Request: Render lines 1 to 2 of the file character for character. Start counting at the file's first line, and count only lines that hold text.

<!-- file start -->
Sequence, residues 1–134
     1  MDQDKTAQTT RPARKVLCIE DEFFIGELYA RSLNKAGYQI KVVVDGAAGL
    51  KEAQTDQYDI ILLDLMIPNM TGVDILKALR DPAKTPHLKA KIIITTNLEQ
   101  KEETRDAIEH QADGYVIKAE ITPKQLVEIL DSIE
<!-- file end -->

Sequence, residues 1–134
     1  MDQDKTAQTT RPARKVLCIE DEFFIGELYA RSLNKAGYQI KVVVDGAAGL